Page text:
The Gene Krupa story is a fascinating one, so much so it became a rare instance of a film getting made in Hollywood centring on a drummer. With Sal Mineo as Krupa, doing a pretty good job of miming his drum parts, the film - sadly something of a turkey - also goes under the same title as this boxed set from Proper Records. Other films about drummers are pretty rare: there's The Man With The Golden Arm, with Sinatra as a jazz drummer/drum addict, and the ultra obscure Todd Haynes movie Superstar, a biopic of Karen Carpenter in which the characters are portrayed by Barbie/Ken dolls!
This set of four discs covers just over a decade in Krupa's busy drumming life, from 1936 to 1947. As well as the four discs worth of music, mostly big-band, and a lot of it vocal lead, there's a 30 or so page booklet, which has in it a 16 page essay on Krupa's life, by Joop Visser. This, together with the scale and scope of the whole set - and the budget price - all combine to make a vey good way to get to know this legendary jazz drummer.
Big band jazz isn't my favourite variety within what is a very broad church of a genre, and big band vocal numbers even less so, as both forms are - to my ears - showing their age. From the scat of Leo Watson to the sassy dame vibe of Anita O'Day, it's good, particularly if you like the style, but it has all dated. My personal view is that the very best jazz, say for example some of the classic hard bop and modal jazz of the 1950s, still sounds pretty damn fresh even now. All the music here sounds like a time capsule from a bygone age. And indeed, that's what it is.
As such it's an excellent value collection, and collates a large and fairly varied range of material from the heyday of the American big band, which was also the heyday of Gene Krupa. And, speaking as a drummer, one can't help but be charmed by Krupa's effervescent energy and charm. He still has legions of devoted admirers, for many of whom he's the best drummer ever. But Krupa himself knew that there were better technicians, Buddy Rich, for example. But both of these guys - and others: the issue of race was still a sore point at this time in America, and drummers like Chick Webb were ghettoised - helped 'turn on' white America to the new sound that was jazz.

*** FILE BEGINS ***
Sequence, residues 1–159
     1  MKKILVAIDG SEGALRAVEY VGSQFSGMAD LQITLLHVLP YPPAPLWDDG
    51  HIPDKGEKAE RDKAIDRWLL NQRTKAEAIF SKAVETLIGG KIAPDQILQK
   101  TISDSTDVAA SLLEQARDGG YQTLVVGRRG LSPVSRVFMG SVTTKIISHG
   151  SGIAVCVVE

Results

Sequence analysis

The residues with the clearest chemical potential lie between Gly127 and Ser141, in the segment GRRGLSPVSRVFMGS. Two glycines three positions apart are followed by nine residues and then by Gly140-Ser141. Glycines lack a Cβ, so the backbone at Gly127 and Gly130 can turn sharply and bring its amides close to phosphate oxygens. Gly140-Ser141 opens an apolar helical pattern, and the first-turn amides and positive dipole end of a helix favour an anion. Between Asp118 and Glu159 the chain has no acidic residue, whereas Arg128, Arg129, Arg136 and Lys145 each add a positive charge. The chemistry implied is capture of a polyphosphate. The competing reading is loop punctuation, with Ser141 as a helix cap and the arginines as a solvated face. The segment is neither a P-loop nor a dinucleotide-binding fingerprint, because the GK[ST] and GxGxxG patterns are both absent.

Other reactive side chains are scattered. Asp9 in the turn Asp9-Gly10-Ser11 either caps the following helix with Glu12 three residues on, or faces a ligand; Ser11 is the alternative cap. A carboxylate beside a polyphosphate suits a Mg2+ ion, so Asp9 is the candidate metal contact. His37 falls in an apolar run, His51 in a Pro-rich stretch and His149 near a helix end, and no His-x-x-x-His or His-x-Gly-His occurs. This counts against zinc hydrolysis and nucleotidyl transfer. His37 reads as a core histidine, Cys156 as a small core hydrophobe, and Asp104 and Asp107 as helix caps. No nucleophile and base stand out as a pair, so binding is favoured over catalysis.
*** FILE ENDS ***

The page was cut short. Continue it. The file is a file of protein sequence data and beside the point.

Originally destined for the priesthood, I for one am hugely glad that Krupa exchanged the cassock and rosary for 'traps', sticks and wire brushes. His mama worried about his soul - and sure enough, hanging out with the cats did see him busted for 'tea' related offences - but we needn't share that fear: whether these strands of jazz are your cuppa or not, any fool can spin any one of these four discs and see that Krupa had a whole lotta soul. Another good set for those wanting to get to know Krupa's later work is Five Classic Albums Plus, a 2-CD set from Avid that combines recordings Krupa made in the 1950s, taken from the following albums: The Gene Krupa Sextet (vols 1-3), Hey Here's Gene Krupa, and The Gene Krupa Trio Collates.
The material gathered here in the Proper set isn't the greatest jazz in the world, nor is Krupa the greatest drummer, but this is very good jazz, and he was a very, very good drummer, who raised the profile of jazz as a genre, and the drummer as performer. This is an excellent way to get to know Krupa as he was in his heyday: nice work from Proper, and, at £13 (at the time of writing), a proper bargain.